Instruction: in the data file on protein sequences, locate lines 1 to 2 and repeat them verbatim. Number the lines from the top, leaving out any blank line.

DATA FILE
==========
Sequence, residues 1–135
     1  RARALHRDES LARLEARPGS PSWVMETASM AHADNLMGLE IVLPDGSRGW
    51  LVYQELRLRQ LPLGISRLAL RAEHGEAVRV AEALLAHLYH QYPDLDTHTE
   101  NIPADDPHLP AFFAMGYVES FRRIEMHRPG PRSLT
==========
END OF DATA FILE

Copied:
Sequence, residues 1–135
     1  RARALHRDES LARLEARPGS PSWVMETASM AHADNLMGLE IVLPDGSRGW